Primal return with their sophomore album Humachine, an album filled with elements from early thrash bands.
Primal first gained notoriety with the release of their self-titled debut album as they featured members from bands like HIrax and Deliverance as well as the Argentinian bands V8 and Logos. Just like with their debut, Humachine was produced by Grammy –winner Iggy Elisabetsky at D-Organization Studios in Los Angeles with mastering done by Rob Colwell at Bombworks Studios in Texas.
Humachine opens up with “The Cage”, a song with a catchy, heavy riff driving a song that retains a sense of melody. Being my first exposure to the band, I hear element of late 80s-early 90s metal and thrash and to my ears the overall sound and production seems a bit like a throwback to that era. Everything is clear in the mix but the low end seems a bit lost. Alberto Zamarbide’s vocals are smooth and mostly stay in relatively neutral space avoiding the high and low registers.
“Humachine” does have a bit of a Dio-era Sabbath feel to it in terms of tone and the opening riff, which is cool to hear. In contrast, “Firefighter” picks up the pace significantly from the outset and hearkens back to an earlier age. I do appreciate the bass line coming through strongly in the mix partway through the song as well as how the guitars pick things up from there going into the solo as well as the drum work by Jorge Iacobellis who really shines on this track.
“Unleash in Madness” starts out with a throwback riff very reminiscent of the heavier metal bands from the 80s and Zamarbide’s vocals fit perfectly in that realm. At this point, though, I am starting to get the feeling that the overall sound seems a bit dated and sounds as if it was recorded in the mid to late 80s. The opening riff to “End Times” very much reinforces this but it is saved once the song takes off and gets moving. Iacobellis drum work in this track really saves it for me and keeps it interesting. “Warrior’s Code” breaks from the norm in terms of structure and features a nice thrashy intro with a guitar solo built in as the song quickly moves to a fast gallop. Unfortunately, the chorus sections show a bit too much in common with previous eras and come across without the power the rest of the song makes one expect. I will say that Glenn Rogers guitar solo in this song is really worth a listen and that overall the guitar work is really good but seems to be a bit limited in impact from the mix and overall production.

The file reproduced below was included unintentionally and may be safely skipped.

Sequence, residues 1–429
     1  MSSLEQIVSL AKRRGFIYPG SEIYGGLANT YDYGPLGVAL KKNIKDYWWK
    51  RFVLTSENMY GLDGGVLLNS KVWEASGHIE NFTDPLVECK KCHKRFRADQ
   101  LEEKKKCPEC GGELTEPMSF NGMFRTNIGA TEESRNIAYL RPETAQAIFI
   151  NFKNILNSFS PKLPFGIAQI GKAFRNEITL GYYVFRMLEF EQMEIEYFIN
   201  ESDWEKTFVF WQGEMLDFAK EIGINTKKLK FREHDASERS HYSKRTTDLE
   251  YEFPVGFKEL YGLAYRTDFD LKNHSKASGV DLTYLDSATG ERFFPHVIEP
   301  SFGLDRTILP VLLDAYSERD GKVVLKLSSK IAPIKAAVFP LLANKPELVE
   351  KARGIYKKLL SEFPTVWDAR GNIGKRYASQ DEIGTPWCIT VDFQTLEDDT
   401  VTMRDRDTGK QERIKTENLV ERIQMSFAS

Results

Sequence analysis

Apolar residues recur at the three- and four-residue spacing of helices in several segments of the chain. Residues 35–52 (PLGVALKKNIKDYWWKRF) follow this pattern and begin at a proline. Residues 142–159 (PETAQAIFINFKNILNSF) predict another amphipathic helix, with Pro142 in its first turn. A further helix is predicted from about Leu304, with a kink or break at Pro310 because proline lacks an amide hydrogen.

I love the opening riff in “Saviour” and wish that there was more power in the overall sound from the guitars here in this song as they come across sounding thin. This is the first of the songs that have elements reminiscent of Metallica, especially the guitar tone in parts. As another example of this the closing song “Ever” will bring to mind the Metallica song “One” in probably everyone who hears it.
Overall, Primal has put together a solid collection of songs that bring back memories of thrash and metal from days past. Unfortunately the overall sound seems to be still in that era, but if you are looking for a new album with that sound, this is one you need to hear.
Written by John Jackson
- The Cage
- Humachine (Heavy Toll)
- Unleash in Madness
- End Times
- Warrior’s Code
- Infernal Nightmare
- Bantu’s Victory
Alberto Zamarbide – vocals
Jorge Iacobellis – drums
Glenn Rogers – guitars
Cesar Ceregatti – bass
Release Date: March 24, 2023
Record Label: No Life Til Metal Records
Video for ‘Warriors Code’